Tuesday:  Partly cloudy with scattered showers and a few storms developing in the afternoon in the Mountains/Foothills. A couple storms could roll off onto the nearby Plains as well. Highs in the upper 60’s for the Plains, upper 50’s in the Foothills.

Wednesday:  Partly cloudy and warm. A few isolated showers or storms will be possible in the Foothills. Highs in the low 70’s across the Plains, with low 60’s in the Foothills.

Thursday:  Mostly sunny early with increasing high clouds. Extremely isolated storms possible in the Mountains. Dry elsewhere. Highs in the mid to upper 70’s across the Plains, with mid 60’s in the Foothills.

Friday: Increasing clouds with showers and thunderstorms developing in the evening. Highs in the mid 60’s on the Plains, with upper 50’s in the Foothills. There is large uncertainty for Friday, depending on the arrival of the trough. It could be much colder with precipitation beginning earlier, or a little warmer and mostly dry.

High Country: After several inches of snow Monday morning, snow levels raise to ~10,000 feet most of the week. Each and every day will have afternoon showers and thunderstorms forming. The best chances are Monday and Tuesday afternoons. Thursday has the lowest chances. The threat of accumulating snow returns for the second half of Friday and through the weekend as that big trough arrives. As of now, both Saturday and Sunday could be good powder days.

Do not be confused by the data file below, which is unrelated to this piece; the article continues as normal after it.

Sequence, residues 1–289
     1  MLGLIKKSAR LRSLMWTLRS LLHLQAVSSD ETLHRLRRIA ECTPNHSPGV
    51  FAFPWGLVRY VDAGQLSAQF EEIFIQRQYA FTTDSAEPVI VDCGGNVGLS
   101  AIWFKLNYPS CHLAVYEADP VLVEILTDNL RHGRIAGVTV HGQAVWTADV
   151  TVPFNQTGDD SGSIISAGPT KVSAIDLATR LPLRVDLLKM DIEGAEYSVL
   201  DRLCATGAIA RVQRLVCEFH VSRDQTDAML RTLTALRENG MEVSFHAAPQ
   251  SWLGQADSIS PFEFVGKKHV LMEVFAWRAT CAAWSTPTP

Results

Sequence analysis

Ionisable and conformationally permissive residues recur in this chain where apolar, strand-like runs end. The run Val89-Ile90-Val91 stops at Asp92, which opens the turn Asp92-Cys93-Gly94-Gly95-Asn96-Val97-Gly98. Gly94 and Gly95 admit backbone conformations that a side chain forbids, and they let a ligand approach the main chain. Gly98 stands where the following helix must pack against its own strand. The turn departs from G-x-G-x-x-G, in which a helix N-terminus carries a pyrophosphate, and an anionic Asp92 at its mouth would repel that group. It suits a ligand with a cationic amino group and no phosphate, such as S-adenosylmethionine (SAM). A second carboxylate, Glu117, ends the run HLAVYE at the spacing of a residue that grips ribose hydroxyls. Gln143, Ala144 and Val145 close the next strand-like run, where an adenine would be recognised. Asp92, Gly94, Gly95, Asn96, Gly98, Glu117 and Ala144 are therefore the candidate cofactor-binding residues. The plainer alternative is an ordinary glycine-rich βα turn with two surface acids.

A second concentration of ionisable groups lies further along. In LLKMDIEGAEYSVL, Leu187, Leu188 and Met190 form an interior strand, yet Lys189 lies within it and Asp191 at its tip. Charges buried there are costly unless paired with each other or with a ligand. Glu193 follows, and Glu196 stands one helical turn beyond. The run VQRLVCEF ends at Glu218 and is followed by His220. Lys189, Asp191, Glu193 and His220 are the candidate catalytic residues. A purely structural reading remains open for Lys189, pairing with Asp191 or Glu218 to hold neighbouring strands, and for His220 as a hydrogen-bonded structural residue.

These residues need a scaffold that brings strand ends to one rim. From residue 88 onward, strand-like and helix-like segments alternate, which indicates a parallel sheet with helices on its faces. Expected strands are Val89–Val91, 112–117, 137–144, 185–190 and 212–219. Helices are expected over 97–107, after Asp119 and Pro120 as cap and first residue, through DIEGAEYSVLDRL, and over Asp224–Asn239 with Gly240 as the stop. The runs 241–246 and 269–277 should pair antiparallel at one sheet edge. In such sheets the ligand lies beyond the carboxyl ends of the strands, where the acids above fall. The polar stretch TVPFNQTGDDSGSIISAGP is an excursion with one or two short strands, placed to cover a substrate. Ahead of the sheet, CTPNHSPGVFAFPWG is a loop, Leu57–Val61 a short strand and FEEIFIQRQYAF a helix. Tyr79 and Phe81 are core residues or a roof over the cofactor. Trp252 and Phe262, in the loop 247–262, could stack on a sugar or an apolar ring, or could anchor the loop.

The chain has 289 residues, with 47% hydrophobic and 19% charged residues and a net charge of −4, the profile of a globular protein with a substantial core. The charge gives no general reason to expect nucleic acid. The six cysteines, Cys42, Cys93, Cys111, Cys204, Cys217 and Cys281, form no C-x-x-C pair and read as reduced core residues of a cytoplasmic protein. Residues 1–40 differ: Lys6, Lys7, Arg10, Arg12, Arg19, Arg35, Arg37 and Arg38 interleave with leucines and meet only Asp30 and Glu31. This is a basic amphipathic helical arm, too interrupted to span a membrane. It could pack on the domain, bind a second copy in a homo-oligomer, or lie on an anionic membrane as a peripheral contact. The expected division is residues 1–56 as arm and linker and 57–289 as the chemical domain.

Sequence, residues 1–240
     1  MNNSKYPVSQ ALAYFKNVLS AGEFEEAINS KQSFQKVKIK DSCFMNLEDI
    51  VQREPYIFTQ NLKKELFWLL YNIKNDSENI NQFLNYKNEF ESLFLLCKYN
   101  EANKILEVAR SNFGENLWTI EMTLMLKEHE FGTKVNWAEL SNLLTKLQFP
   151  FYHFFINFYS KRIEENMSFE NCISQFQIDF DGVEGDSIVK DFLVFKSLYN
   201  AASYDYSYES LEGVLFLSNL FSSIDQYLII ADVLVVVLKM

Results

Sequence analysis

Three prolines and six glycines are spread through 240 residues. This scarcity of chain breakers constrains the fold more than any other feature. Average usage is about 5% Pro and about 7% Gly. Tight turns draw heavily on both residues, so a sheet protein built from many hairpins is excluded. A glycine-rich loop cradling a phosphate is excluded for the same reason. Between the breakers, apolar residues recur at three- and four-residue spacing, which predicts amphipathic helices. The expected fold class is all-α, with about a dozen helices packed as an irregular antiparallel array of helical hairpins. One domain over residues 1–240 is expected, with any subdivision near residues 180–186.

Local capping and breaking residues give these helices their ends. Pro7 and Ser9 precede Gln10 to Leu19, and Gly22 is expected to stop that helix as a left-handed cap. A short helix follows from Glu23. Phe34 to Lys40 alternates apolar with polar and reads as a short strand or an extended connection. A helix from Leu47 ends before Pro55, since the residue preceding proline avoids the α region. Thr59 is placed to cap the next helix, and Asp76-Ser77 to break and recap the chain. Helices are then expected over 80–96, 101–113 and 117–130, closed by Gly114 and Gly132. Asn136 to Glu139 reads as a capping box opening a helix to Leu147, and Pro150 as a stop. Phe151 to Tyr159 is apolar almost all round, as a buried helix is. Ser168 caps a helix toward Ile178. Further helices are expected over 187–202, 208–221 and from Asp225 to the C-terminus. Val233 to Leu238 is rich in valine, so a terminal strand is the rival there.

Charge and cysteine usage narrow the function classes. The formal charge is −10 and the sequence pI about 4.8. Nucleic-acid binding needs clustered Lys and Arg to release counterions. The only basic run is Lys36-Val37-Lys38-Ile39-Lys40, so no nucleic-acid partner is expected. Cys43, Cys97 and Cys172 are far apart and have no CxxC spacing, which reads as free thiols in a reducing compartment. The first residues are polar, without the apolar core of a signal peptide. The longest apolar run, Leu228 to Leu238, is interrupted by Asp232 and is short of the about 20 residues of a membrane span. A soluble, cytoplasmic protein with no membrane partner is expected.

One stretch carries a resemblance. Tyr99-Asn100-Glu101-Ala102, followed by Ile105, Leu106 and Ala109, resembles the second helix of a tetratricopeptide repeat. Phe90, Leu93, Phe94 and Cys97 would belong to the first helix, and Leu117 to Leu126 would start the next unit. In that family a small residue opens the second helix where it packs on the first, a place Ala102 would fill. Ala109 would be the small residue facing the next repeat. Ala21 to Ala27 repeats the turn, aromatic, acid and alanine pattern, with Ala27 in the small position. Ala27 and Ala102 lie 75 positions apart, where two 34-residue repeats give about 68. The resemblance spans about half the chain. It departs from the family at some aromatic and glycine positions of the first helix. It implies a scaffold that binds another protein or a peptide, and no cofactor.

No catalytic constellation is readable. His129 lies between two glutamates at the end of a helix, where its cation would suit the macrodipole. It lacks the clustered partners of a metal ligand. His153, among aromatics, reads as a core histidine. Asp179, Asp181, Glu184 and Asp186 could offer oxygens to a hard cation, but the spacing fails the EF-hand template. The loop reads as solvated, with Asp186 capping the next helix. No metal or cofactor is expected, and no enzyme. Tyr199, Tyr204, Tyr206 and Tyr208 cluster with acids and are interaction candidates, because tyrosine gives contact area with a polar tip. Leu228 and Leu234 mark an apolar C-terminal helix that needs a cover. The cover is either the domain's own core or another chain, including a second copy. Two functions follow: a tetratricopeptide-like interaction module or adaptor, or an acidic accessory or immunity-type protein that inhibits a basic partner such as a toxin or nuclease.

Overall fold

Header photo credit: Zack Pyle

Ben Castellani

Ben grew up in western Pennsylvania and holds both a bachelor's and a master's degree in meteorology. He currently works on a programming language tailored for scientists at Harris Geospatial Solutions in Boulder.